Why TEMP Tablespace != Large Block Size (the second in an occasional series)

Because for temporary tablespaces Oracle uses direct i/o, so block size is not relevant.

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7 thoughts on “Why TEMP Tablespace != Large Block Size (the second in an occasional series)

  1. Not all platforms allow Direct IO so perhaps your statement is not true for all cases ?

    Windows ports for example always use Direct IO – can’t do otherwise, whilst various Unix ports may or may not be able to use Direct IO and it can be configured using various initialisation parameters.

    Steve Adams talks in depth about a lot of this stuff…

    http://www.ixora.com.au/notes/filesystemio_options.htm

  2. Thanks Jeff, but in this case I’m maybe being ambiguous … by “direct i/o” I here mean that the reads and writes that Oracle perform bypass the Oracle buffer cache (in which the logical units of Oracle block size are defined).

    Therefore the minimum block size defined in the buffer cache is not relevant to performance, and the size of i/o requested by Oracle is not governed by block_size * db_file_multiblock_read_count but instead by the _direct_io_count(off the top of my head) parameter.

  3. I think the parameter was DB_FILE_DIRECT_IO_COUNT in 8.0.x, measured in blocks and was then deprecated in 9.0.x and replaced by the underscored equivalent _db_file_direct_io_count, measured in bytes.

    I’m still not convinced of your position on Direct I/O’s…although I admit I’m no expert! The above hidden parameter is used to determine the number of blocks requested of the block size specified for the TEMP tablespace subject to the max_io_size limit. Thus Block Size for the TEMP tablespace is 32K and the value for _db_file_direct_io_count is 64 then 2Mb of data is requested in each IO operation – but generally the max_io_size maxes out at 1Mb (at least on my HP-UX boxes at work it does)…so it would actually only request 1Mb for each IO operation (for the 2Mb in question two separate IO requests to the IO subsystem would be made).

    So…I believe that the block size is relevant…if it were only 8K with _db_file_direct_io_count of 64 (the default apparantly) then the IO request size would be only 512K.

    It’s late and I’m tired…so forgive me if I’ve completely missed the point.

  4. The important number here, I think, is neither the block size nor the io_count individually, but the product of the two. Given that the count can be adjusted to make this product a particular value whatever the value of the block size, that doesn’t really make the block size the key influence on the io size — the two are really independent.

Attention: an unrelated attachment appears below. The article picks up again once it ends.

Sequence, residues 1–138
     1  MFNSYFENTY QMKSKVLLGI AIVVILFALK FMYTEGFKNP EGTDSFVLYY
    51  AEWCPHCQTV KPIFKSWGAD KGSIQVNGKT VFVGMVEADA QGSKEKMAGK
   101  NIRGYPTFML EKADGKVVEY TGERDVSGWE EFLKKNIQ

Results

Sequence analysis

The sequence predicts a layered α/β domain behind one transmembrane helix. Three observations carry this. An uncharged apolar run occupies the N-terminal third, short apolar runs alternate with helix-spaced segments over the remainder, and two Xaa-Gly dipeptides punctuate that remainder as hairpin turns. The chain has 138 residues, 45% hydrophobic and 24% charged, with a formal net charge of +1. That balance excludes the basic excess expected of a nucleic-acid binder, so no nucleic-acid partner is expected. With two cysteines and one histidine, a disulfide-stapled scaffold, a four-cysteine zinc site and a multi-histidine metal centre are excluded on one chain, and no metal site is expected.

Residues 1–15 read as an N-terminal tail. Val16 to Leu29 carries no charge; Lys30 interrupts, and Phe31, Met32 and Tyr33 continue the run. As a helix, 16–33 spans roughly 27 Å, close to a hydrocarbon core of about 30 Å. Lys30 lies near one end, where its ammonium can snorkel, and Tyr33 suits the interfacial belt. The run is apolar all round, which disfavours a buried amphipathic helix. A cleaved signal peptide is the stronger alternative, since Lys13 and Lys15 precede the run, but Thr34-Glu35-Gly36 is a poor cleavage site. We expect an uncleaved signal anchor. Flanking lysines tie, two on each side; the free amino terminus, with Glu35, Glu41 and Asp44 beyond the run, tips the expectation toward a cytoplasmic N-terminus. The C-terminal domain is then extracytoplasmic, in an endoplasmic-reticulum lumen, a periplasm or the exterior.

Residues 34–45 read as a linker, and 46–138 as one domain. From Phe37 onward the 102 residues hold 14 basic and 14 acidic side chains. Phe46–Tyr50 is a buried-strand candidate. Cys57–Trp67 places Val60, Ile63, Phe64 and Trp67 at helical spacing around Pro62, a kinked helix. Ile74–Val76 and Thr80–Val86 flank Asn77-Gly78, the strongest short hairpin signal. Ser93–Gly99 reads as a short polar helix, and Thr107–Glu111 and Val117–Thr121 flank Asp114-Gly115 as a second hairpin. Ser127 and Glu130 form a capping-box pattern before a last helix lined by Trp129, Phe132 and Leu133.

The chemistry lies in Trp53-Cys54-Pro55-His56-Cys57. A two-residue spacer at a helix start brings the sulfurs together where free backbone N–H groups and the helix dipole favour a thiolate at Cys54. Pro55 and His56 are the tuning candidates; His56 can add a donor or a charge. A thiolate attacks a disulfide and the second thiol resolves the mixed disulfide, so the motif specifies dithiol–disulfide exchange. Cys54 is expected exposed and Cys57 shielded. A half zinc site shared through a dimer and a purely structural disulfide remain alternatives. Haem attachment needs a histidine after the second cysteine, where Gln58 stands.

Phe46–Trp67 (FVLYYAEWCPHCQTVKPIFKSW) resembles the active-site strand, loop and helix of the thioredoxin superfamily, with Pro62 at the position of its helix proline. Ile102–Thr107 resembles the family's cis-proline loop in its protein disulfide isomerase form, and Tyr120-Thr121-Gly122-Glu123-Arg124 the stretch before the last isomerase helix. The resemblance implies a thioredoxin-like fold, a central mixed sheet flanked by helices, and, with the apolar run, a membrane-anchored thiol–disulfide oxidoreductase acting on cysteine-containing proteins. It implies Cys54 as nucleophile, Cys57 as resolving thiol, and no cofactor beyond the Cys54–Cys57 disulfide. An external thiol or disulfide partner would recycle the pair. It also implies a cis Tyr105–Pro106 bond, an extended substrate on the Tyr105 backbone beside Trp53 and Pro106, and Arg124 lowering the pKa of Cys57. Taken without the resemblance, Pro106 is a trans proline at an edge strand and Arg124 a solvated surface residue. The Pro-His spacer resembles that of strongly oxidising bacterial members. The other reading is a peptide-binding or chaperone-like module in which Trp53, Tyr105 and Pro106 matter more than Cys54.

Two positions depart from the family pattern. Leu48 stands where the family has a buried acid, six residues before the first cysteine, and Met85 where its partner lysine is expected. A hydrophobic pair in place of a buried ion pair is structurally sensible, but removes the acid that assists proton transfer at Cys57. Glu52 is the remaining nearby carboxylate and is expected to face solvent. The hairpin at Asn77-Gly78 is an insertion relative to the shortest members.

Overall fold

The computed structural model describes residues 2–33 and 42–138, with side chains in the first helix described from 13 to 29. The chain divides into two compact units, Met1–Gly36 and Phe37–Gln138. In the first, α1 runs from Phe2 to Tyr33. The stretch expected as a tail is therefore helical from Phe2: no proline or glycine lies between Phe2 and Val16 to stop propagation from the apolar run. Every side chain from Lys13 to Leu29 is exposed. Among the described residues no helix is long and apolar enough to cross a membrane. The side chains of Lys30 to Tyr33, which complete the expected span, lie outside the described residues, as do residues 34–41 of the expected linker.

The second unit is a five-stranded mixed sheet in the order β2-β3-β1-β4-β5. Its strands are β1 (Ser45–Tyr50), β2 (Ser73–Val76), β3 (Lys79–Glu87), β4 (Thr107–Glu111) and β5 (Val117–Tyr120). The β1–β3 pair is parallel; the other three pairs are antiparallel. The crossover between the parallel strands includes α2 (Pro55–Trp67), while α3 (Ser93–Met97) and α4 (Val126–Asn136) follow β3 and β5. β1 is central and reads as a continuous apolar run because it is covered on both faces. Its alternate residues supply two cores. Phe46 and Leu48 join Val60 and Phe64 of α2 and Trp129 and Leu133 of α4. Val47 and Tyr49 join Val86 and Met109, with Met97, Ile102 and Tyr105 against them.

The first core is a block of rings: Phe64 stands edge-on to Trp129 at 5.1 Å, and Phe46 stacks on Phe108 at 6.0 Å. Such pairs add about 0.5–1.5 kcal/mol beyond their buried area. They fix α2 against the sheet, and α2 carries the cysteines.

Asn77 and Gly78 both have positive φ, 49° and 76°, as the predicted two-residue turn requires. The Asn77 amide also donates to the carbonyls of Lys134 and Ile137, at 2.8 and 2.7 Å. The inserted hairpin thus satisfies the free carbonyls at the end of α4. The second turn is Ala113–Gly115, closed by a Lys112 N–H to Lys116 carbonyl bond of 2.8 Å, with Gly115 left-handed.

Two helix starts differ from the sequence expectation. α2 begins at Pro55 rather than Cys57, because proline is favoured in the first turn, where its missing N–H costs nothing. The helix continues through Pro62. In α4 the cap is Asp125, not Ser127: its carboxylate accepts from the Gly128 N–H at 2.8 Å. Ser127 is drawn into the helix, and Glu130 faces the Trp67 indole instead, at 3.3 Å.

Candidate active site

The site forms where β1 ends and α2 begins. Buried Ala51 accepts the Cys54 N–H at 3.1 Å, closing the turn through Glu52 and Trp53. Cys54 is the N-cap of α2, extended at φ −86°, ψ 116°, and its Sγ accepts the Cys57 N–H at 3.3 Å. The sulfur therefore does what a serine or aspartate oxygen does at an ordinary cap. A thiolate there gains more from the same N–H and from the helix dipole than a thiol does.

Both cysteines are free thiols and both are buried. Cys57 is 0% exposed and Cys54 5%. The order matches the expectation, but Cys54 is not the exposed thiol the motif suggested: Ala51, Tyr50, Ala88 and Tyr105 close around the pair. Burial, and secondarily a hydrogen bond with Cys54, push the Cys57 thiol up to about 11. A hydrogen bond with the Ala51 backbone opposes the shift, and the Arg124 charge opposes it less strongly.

5. I probably didn’t say it directly but it was kinda inferred in my last post. I agree that you can use the multiplier parameter to ensure that you try to minimise the number of requests to the IO subsystem whatever your value of block size is.

    My gutfeel is still to go with largest block size (32K) in TEMP since there will be less block overhead wastage for the same volume of data since there are less blocks for a fixed volume of data.

    I think we’re almost in violent agreement!

  6. Yeah, could be that you get more data in that way I suppose, but I don’t know anything about the structure it stores it in. I wouldn’t think that you’d squeeze much more performance out — certainly not the 30% that Mike Ault quoted as the benefit of large block Temp sizes.

    The other issue forme would be that it requires a 32kb system TS, andunless you want to stick with that across the board then you’re into multiple buffer caches which is a bit of a headache.

    But violent agreement is the best sort, I think.

  7. I have a query…which may be slightly related…I’ve added the note to my blog at http://oramossoracle.blogspot.com/2005/09/temp-file-io-why-so-many-few-blocks.html

    …but I’ll say it again here in the hope that someone (you ?) may give some insight…feel free to get rid of this post or move it elsewhere or just answer on my blog…wasn’t sure if there was any protocol about asking questions of you/others…

    I run this:

    SELECT phyrds
    , phyblkrd
    , ROUND((phyblkrd / phyrds),2) blocks_per_read
    FROM (SELECT SUM(f.phyrds) phyrds
    , SUM(f.phyblkrd) phyblkrd
    FROM v$tempstat f
    )

    and this comes back with a blocks_per_read value of 2.23 on the warehouse I’m working on.

    Why so small ? Another query I run showing this kind of information against different Data Areas within the warehouse shows that the other areas are getting much higher figures for the blocks per read metric (like 20 – 50).

    I’d have thought this figure would be higher for temp ?

    Any ideas ?

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